Conserving the Nature of America
Press Release
Extinct eastern cougar subspecies proposed for removal from endangered species list
Cougars in the East are Florida panthers, released captives or dispersing from the West

June 16, 2015

Contact(s):

Meagan Racey (Northeast), 413-253-8558
Georgia Parham (Midwest), 812-334-4261 x 1203
Tom MacKenzie (Southeast), 404-679-7291


Eastern cougar

Bruce Wright, New Brunswick wildlife biologist and author, with what is believed to be the last eastern puma. The puma was trapped by Rosarie Morin of St. Zacharie, Quebec in Somerset County, Maine in 1938. Mounted specimen resides in the New Brunswick Museum in St. John, New Brunswick. Credit: Courtesy of Northeastern Wildlife Station
Higher Quality Version of Image

The eastern cougar (Felis concolor couguar) has likely been extinct for at least 70 years, according to a thorough review of data from researchers, states and Canadian provinces across the subspecies’ range. In response to the review, the U.S. Fish and Wildlife Service is proposing to remove the extinct subspecies from the endangered species list.

“We recognize that people have seen cougars in the wild in the eastern U.S.,” said Martin Miller, the Service’s Northeast Region Chief of Endangered Species. “Those cougars are not of the eastern cougar subspecies.”

The Service completed the formal review of the eastern cougar in 2011. During the review, the Service examined the best available scientific and historic information, queried 21 states and eastern Canadian provinces, and reviewed hundreds of reports from the public. No states or provinces provided evidence of the existence of an eastern cougar population.

The Service concluded that cougars occasionally occur in eastern North America, but that they are either Florida panthers, dispersing animals from western populations, or have been released or escaped from captivity. The conclusions are based on a review of more than 100 reports dating back to 1900.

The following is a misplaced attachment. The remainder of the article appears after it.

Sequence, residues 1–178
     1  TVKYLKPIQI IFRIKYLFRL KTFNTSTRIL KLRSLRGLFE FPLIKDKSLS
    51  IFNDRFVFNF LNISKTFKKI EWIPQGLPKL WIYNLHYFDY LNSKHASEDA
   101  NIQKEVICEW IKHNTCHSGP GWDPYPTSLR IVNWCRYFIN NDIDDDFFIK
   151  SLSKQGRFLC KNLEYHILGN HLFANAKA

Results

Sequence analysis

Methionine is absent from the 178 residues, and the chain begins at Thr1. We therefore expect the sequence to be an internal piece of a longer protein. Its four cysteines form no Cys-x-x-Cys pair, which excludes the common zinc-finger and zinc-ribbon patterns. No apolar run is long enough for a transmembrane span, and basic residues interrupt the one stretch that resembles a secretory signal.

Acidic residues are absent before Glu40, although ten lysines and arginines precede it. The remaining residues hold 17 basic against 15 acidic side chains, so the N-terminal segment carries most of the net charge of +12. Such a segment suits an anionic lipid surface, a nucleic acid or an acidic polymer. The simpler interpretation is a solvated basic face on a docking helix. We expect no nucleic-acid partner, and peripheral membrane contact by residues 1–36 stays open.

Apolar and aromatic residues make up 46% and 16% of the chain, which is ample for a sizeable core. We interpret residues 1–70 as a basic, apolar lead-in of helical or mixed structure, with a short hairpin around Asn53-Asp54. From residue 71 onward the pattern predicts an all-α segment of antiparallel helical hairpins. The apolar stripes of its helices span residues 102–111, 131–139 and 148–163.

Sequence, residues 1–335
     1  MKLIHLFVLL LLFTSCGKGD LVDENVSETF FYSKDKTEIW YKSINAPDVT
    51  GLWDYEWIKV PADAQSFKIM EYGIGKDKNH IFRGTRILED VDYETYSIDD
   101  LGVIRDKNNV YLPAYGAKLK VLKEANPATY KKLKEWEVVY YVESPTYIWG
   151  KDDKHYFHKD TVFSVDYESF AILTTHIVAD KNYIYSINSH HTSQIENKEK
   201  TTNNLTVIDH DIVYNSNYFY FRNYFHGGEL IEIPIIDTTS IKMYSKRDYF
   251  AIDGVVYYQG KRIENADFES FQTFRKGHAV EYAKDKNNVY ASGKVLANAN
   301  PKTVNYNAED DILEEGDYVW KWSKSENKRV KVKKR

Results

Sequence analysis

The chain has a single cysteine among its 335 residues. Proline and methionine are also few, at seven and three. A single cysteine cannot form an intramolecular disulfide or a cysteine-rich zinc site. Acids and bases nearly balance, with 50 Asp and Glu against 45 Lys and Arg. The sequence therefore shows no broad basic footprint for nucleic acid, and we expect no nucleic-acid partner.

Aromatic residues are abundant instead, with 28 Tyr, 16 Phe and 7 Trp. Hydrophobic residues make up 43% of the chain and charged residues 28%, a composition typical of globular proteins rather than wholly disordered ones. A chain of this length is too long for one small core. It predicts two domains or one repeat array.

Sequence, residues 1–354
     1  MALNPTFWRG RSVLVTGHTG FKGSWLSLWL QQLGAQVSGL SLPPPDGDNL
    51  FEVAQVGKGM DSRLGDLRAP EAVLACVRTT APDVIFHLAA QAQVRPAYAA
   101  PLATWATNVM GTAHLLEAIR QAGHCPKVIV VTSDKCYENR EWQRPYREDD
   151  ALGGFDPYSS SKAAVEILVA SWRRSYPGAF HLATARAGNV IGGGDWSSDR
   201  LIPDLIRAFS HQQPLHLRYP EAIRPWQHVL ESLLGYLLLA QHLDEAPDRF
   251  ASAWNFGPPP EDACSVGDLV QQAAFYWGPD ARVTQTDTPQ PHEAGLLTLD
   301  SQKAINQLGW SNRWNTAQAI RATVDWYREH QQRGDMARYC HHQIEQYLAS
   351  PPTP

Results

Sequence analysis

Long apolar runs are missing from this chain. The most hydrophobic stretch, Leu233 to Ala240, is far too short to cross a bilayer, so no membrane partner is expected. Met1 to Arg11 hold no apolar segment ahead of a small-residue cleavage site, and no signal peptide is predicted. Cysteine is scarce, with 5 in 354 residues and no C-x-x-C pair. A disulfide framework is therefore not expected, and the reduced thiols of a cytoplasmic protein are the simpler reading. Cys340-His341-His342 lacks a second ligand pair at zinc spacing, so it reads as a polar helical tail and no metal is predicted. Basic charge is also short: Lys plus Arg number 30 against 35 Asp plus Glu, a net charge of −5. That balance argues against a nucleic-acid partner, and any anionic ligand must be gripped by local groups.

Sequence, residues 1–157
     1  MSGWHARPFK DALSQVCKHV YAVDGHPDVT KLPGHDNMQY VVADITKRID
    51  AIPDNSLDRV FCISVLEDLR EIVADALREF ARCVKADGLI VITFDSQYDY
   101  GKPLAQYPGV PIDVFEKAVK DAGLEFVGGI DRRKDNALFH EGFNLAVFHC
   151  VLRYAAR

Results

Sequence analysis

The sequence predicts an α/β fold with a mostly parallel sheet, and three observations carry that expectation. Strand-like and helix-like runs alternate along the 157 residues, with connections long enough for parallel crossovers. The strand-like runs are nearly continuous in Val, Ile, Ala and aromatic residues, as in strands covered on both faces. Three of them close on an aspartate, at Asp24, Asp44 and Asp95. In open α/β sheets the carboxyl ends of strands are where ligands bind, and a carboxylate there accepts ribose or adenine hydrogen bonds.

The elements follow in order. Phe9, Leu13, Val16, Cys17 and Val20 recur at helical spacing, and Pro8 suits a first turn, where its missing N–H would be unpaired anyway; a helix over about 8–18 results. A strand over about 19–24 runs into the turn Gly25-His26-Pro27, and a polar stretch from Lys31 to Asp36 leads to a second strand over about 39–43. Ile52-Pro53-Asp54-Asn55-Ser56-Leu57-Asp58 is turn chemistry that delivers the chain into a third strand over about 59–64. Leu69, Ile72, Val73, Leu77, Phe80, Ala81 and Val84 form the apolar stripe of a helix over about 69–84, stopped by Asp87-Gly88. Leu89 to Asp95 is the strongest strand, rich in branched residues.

The eastern cougar subspecies was listed as endangered in 1973. However, accounts suggest that most eastern cougars disappeared in the 1800s as European immigrants killed cougars to protect themselves and their livestock, as forests were harvested, and as white-tailed deer, the cougar’s primary prey, nearly went extinct in eastern North America. The last records of eastern cougars are believed to be in Maine (1938) and New Brunswick (1932).

Extinct animals and plants cannot be protected under the Endangered Species Act, which is meant to recover imperiled species and their habitats. Additionally, under law, the eastern cougar listing cannot be used as a method to protect other cougar subspecies. The proposal is available for public inspection June 16 at https://www.federalregister.gov/public-inspection. From June 17 to August 17, 2015, the proposal will be available for review and comment at www.regulations.gov under docket no. FWS–R5–ES–2015–0001.

Wild cougar populations in the West have been expanding their range eastward in the last two decades, with individual cougars confirmed throughout the Midwest. Evidence of wild cougars dispersing farther east is extremely rare. In 2011, a solitary young male cougar traveled about 2,000 miles from South Dakota through Minnesota, Wisconsin and New York, and was killed on a Connecticut highway. A cougar of unknown origin was also killed in Kentucky in December 2014.

The Service's proposal to remove the eastern cougar from the endangered species list does not affect the status of the Florida panther, another cougar subspecies listed as endangered.

Additional information about eastern cougars, including frequently asked questions and cougar sightings, is at: http://www.fws.gov/northeast/ecougar. Find information about endangered species at http://www.fws.gov/endangered.


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